Feb. 22, 2006 -- The popular dietary supplements glucosamine and chondroitin sulfate are no better than placebo for treating knee pain in most people with osteoarthritis, according to findings from a large study funded by the National Institutes of Health.
The trial was conducted at 16 sites around the country and is the most rigorous examination of the widely-used supplements ever done, researchers say. It appears in tomorrow's issue of the New England Journal of Medicine.
Osteoarthritis patients with mild pain treated for six months with the glucosamine and chondroitin sulfate, either alone or in combination, experienced no greater pain relief than patients randomly assigned to take a placebo.
But this subgroup of around 20% of the total study population was too small to prove the findings, researchers say.
Millions Take the Supplements
Twenty one million Americans suffer from chronic joint pain due to osteoarthritis, and that number is expected to double within the next two decades as the population ages. The condition is caused by the breakdown and eventual loss of cartilage, the rubbery substance that serves as a cushion between the bones of the joints.
According to a 2002 survey conducted by the CDC, 5.2 million people reported using glucosamine, either alone or in combination with chondroitin, and most used the supplements for arthritis pain. Both substances, which are found naturally in the body, help make and maintain cartilage.
"Since both [glucosamine and chondroitin] are important components of cartilage, it is tempting to believe that ingestion of the agents would somehow provide beneficial help to the cartilage," researcher and rheumatologist Daniel O. Clegg, MD, said in a news conference. "However, it must be stressed that there is very little understanding of any potential biologic action of either of these agents in the treatment of osteoarthritis."
Supplements vs. Placebo
The Glucosamine/chondroitin Arthritis Intervention (GAIT) trial was designed to determine if the supplements effectively treat the pain associated with osteoarthritis of the knee.
A total of 1,583 people over the age of 40 with confirmed osteoarthritis were randomly placed into five different groups. Each group took either glucosamine, chondroitin sulfate, both the supplements, the Cox-2 anti-inflammatory pain reliever Celebrex, or a placebo.
The study endpoint was a 20% or greater reduction in pain, as determined by a standardized questionnaire, after six months of treatment.
Overall, there was no significant difference in pain reduction between the people using supplements either alone or combined or those taking placebo. There was a greater improved response in the people taking Celebrex.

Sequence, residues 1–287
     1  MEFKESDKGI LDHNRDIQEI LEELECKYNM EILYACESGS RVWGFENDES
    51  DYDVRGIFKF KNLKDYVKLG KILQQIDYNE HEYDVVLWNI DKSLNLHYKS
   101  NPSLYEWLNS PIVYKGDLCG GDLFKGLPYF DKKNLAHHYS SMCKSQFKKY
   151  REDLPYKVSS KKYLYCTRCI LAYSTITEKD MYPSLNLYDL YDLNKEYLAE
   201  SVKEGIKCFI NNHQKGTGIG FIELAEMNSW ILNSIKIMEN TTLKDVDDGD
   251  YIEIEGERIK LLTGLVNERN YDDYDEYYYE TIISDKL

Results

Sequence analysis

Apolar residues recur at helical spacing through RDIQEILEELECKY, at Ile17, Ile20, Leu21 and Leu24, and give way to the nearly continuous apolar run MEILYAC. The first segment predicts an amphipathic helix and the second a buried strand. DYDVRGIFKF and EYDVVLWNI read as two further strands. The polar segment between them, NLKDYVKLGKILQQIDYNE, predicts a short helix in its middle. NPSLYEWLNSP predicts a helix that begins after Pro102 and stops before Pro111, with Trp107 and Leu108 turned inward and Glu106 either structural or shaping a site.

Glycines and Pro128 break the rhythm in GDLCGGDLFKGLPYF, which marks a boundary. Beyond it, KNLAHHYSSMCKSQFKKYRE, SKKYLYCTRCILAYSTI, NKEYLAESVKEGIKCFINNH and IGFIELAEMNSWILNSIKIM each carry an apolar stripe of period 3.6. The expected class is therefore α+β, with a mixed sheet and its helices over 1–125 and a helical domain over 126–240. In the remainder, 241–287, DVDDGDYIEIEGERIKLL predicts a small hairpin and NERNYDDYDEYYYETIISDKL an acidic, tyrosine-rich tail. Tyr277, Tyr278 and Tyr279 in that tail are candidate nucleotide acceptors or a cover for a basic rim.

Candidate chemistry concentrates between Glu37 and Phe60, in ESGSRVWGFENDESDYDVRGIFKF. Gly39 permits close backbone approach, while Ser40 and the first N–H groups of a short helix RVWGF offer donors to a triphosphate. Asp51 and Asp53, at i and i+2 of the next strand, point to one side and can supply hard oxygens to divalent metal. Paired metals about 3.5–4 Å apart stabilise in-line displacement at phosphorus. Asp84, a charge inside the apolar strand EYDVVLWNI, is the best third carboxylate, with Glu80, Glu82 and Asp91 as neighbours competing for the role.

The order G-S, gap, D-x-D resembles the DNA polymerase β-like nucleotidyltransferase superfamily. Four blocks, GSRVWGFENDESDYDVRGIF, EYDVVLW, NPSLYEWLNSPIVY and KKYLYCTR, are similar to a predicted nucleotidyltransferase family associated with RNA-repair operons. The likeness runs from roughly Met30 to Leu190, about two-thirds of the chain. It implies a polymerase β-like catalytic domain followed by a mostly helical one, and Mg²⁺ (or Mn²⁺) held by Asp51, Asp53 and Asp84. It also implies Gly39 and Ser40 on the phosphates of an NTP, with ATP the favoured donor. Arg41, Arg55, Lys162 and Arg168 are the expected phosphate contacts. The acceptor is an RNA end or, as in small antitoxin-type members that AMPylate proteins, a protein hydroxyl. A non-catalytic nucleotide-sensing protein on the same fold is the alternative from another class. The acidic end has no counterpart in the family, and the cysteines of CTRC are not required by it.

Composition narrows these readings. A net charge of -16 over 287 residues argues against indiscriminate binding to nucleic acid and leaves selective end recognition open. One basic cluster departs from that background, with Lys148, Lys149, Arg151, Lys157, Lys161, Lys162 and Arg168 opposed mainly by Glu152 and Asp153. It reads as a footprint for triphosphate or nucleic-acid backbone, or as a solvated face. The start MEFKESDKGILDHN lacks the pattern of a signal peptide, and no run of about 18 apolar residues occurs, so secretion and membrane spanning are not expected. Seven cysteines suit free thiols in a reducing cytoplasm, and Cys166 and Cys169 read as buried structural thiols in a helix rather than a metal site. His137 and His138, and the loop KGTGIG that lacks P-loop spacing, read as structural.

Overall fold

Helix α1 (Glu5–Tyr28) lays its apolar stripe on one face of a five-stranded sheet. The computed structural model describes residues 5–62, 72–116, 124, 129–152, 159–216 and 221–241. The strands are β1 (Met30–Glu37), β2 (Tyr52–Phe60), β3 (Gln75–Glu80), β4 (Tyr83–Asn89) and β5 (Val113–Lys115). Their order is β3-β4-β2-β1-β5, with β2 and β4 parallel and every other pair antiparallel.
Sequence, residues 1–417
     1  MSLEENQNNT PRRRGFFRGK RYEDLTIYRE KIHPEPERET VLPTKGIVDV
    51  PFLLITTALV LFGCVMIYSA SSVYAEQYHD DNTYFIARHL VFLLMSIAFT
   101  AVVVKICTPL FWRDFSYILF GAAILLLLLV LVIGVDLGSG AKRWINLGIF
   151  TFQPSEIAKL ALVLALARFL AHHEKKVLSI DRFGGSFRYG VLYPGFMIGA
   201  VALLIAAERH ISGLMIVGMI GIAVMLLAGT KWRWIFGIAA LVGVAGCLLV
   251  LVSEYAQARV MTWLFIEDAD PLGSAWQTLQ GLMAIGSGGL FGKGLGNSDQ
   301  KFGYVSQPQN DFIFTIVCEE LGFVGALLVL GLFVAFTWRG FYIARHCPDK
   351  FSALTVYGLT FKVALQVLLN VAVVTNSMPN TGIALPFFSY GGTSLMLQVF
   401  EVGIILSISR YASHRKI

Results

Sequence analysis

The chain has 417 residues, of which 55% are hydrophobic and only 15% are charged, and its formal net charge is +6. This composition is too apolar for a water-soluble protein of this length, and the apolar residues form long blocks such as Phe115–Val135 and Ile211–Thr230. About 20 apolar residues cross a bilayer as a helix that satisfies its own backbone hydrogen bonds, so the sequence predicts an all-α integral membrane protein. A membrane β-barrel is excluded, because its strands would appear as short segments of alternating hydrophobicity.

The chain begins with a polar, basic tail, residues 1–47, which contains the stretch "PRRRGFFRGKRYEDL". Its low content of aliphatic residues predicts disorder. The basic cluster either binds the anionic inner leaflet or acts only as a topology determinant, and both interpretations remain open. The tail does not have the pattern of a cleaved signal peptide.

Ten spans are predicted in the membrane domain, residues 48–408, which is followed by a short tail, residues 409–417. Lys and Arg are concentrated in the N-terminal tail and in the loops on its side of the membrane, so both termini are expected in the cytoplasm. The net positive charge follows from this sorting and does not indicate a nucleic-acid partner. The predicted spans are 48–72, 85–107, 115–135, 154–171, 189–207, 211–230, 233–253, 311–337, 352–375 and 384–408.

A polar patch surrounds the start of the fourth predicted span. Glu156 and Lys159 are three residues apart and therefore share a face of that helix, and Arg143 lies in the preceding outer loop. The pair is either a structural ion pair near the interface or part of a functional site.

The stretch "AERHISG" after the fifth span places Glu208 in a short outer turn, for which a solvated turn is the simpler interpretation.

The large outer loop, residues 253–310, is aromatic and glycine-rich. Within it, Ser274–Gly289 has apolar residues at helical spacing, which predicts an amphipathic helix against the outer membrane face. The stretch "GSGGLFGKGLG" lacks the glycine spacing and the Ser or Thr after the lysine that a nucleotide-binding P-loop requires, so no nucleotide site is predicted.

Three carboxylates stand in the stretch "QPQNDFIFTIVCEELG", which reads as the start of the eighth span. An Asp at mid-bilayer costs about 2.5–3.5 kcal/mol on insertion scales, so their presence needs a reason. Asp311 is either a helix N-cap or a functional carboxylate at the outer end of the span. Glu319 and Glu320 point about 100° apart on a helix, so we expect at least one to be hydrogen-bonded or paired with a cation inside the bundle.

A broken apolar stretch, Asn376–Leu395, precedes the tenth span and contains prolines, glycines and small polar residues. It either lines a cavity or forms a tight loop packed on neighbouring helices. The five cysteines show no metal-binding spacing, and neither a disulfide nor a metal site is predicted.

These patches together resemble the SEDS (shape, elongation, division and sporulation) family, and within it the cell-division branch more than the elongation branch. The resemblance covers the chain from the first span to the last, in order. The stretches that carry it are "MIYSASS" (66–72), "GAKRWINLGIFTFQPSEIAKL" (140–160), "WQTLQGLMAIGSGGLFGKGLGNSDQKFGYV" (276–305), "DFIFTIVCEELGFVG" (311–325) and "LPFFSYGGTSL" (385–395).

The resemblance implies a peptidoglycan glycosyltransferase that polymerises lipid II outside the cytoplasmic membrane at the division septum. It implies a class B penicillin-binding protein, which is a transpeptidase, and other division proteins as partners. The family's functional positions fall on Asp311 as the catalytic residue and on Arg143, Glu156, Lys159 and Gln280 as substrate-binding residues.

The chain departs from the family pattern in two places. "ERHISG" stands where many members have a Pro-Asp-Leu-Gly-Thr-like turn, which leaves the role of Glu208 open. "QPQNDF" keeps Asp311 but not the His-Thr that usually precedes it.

In the 354 patients with moderate to severe pain, however, the supplement combination appeared to be more effective than either Celebrex or placebo. The researchers say a larger study of patients with moderate to severe pain is needed to better understand the findings.
Another important unanswered question is whether the supplements can slow progression of knee osteoarthritis. Clegg and colleagues will attempt to answer this question by following about half of the original study participants who will continue taking the treatments for two years. Results from that trial are expected in about a year.
In the meantime, Clegg says that patients who want to take the supplements should probably take them in combination for just long enough to determine if they help relieve the pain.
Although few side effects were reported in the six-month study, National Center for Complementary and Alternative Medicine director Stephen Straus, MD, says the long-term safety of the supplements is unknown.
"We've learned from past studies that much longer exposures to certain medications are needed to reveal their true safety profile," he says.
Clegg also warned that the unregulated glucosamine and chondroitin products available commercially may be very different from the supplements used in the study.
Marc C. Hochberg, MD, MPH, who heads the division of rheumatology at the University of Maryland School of Medicine, says the findings also raise interesting questions about the placebo effect.
No fewer than half of the patients in the placebo arm of the study experienced significant reductions in pain, and responses in some placebo subgroups were as high as 62%.
Hochberg says the large placebo effect shows that the mind-body connection is very important in the treatment of arthritis pain.
He adds that physicians should consider treating these patients with minimal dosages of the safest pain medications available early on, graduating to stronger doses and drugs if pain persists.